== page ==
You are right Scott, although in my time reading the forums it more times then not being you that has solved so many problems. I cannot imagine that I am the only one that is experiencing this and somehow I believe it is related to a WGT update.
Thank you for anything you can find, it is greatly appreciated,
Have you looked at error logs?
To identify which specific process is causing problems with WMI, use the Event Viewer. On Windows 10 or 8, you can right-click the Start button and select “Event Viewer” to open it. On Windows 7, open the Start menu, type “Eventvwr.msc”, and press Enter to launch it.
In the left pane of the Event Viewer window, navigate to Applications and Service Logs\Microsoft\Windows\WMI-Activity\Operational.
Scroll through the list and look for recent “Error” events. Click each event and look for the number to the right of “ClientProcessId” in the bottom pane. This tells you the ID number of the process that caused the WMI error.
There’s a good chance you’ll see several errors here. The errors may be caused by the same process ID number, or you may see multiple different process IDs causing errors. Click each error and see what the ClientProcessId is to find out.
You can now pin down a process that may be causing problems. First, open a Task Manager window by pressing Ctrl+Shift+Escape or by right-clicking the taskbar and selecting “Task Manager”.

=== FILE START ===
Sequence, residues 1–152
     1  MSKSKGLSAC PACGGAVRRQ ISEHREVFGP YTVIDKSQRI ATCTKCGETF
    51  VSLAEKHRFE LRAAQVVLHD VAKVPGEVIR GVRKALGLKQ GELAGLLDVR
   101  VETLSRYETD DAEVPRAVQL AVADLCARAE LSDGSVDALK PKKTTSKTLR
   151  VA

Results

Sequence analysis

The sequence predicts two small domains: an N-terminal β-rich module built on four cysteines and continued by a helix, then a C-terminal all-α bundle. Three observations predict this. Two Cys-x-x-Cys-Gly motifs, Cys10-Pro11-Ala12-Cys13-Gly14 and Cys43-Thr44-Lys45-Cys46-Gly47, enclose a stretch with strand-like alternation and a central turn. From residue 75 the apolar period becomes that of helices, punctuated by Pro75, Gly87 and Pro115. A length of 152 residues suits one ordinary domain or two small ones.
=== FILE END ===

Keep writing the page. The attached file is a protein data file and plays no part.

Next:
Click over to the “Details” tab, click the “PID” column to sort running processes by process ID, and locate the process matching the ID number that appeared in the Event Viewer logs.
For example, here, we’ve seen that the “HPWMISVC.exe” process caused these errors on this particular computer.
If the process has since closed, you won’t see it in the list here. Also, when a program closes and reopens, it will have a different process ID number. That’s why you need to look for recent events, as the process ID number from older events in your Event Viewer won’t help you find anything.
With this information in hand, you now know the process that may be causing problems. You can search for its name on the web to find out the software it’s associated with. You can also just right-click the process in the list and click “Open File Location” to open its location on your system, which may show you the larger software package the program is a part of. You may need to update this software if you use it, or uninstall it if you don’t.